How To Install a Chandelier On The Countertop

Lighting in a home is crucial and important, thus having a chandelier that projects the light throughout the house is certainly very important. Then, of course, choosing the right one will certainly create a different look to your home. Often, however, you also have to deal with the type of ceiling to hang the chandelier. It is not uncommon for many homes to be equipped with plasterboard countertops, which are not suitable for carrying huge loads like the chandeliers. Especially, when your ceiling was made of asbestos, you better search for asbestos removal Perth service first.

Chandelier On The Countertop

Countertops are suitable for many remodelling jobs, but because of the way they are built, they are not designed to withstand heavy loads such as a chandelier. However, using the structural elements of the home which the false ceiling is connected, you can install a chandelier. You may create the impression that it is suspended from the ceiling. Here’s how to install a chandelier in the false ceiling, through a few simple steps that will allow you to mount it securely. Let’s go to the work!

Turn off the electricity in the room where the chandelier will be installed, or for the better, throughout the house; This is the first step to ensure a safe installation. If you are replacing an existing light fixture, you should remove it safely before installing the new one. Then you must hand it over to a helper rather than trying to get down from the stack while carrying it down. If you install the chandelier in a new place, mark the desired point with a pencil and make a hole to pass the wires. Before proceeding with the installation, use a voltage tester to make sure that there is no current passage through the ceiling wires.

Remove the false ceiling tile at the point where the chandelier must be positioned. Drop a lead wire down from the ceiling beam to measure the distance of the lead wire line to the false ceiling on both sides of the removed panel. Transfer the dimensions on the removed panel and drill a 2-3 cm diameter hole in the panel with a multi-purpose knife. Connect the chain and the power cord of the chandelier, then pass the cables through the hole. Glue or screw the panel to the false ceiling in the same place from which it was removed.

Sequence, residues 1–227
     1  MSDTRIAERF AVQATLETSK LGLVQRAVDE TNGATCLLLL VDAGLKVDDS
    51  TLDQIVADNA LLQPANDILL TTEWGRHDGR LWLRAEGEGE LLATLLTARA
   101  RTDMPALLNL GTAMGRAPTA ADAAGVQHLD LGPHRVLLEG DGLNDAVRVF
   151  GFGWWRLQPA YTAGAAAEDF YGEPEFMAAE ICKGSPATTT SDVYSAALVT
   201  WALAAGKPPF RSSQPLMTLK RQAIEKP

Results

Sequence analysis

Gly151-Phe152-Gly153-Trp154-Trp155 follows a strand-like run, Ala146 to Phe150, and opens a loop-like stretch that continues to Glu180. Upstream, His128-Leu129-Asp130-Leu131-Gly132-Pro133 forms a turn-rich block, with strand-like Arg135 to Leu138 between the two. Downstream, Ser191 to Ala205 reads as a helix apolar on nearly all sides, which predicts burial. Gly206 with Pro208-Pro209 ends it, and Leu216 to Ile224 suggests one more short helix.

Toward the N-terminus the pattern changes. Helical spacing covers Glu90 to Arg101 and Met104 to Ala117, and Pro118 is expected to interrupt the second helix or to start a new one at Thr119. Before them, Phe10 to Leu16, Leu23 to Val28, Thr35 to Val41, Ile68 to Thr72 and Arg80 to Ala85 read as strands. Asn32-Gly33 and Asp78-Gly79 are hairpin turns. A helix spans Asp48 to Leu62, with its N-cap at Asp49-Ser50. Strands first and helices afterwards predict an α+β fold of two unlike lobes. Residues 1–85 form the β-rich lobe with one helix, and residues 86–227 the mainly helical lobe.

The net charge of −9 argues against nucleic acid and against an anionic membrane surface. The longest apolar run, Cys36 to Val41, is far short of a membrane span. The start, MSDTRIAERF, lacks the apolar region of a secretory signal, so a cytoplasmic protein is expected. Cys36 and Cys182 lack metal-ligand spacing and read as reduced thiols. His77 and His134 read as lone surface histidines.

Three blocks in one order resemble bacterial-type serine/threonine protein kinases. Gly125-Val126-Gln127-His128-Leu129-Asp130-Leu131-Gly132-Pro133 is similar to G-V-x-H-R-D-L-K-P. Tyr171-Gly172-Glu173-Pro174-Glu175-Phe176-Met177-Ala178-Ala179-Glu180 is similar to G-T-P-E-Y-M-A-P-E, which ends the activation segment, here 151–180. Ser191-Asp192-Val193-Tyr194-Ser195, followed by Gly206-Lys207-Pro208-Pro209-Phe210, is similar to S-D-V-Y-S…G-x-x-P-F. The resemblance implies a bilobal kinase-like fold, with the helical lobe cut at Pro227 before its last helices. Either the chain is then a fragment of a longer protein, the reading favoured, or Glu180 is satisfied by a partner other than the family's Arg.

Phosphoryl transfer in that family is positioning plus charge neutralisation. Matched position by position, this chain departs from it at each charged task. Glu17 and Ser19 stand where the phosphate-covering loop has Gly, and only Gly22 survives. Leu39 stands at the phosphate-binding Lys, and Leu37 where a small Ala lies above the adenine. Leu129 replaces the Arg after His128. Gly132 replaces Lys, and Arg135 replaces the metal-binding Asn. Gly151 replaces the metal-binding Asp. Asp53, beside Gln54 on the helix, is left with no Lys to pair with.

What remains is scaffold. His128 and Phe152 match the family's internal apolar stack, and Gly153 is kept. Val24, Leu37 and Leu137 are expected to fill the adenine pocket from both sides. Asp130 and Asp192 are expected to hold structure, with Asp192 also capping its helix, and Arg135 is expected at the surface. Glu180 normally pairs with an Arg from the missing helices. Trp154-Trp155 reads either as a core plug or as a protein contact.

Screw a metal hook into the ceiling beam, in the same position as the lead wire. Screw a junction box into the truss next to the hook and pass the power cord from the chandelier to the switch by connecting the wires to the chandelier. Thread the wires and isolate them with the special adhesive tape. Screw the cover on the junction box (switch) and hang the chain of the chandelier, both to the hook and to the girdle. Refit the panel to the ceiling, turn on the electricity, and turn on the switch to check that the chandelier is working properly. So I do not have to wish you a good job.

Chandeliers become the most common use of designed objects. They are made of different shapes, designed to meet the most varied customer demands. This brings more or less small wall chandeliers (applique) to be applied to the ceiling or walls without suspending them. Also thanks to the evolution of light diffusion studies in environments.

Today, these diffusers are increasingly used. These “hidden” light beams are framing the rooms. The further away from the beauty of an artisan chandelier made by skilled hands. However, the original shape can give that extra touch to every room in our home.

The history of the chandelier is born with the need for man to illuminate indoor environments using multiple lights. The first chandeliers were formed by a series of candles arranged in circles and supported by spokes which are a central fixture fastened to the top and suspended. The chandelier was already then an artificial lighting fixture hung on the ceiling or applied to a height that illuminates the surrounding environment.

As time goes by, wood, iron, and metal alloys, then move to other materials to build the chandelier structure with the candles that will eventually be replaced by gas illumination and light bulbs.

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